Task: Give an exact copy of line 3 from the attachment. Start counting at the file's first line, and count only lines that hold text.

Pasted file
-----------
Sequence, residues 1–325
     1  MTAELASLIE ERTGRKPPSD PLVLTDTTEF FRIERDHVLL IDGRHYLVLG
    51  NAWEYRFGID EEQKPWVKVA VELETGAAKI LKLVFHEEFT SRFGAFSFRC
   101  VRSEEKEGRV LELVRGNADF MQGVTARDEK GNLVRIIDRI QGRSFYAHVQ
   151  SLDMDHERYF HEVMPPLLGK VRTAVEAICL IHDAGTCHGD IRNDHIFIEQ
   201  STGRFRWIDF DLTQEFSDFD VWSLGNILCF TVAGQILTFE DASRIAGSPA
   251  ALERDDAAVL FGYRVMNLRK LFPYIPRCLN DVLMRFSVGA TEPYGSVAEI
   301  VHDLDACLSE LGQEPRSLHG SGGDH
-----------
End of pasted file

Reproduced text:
    51  NAWEYRFGID EEQKPWVKVA VELETGAAKI LKLVFHEEFT SRFGAFSFRC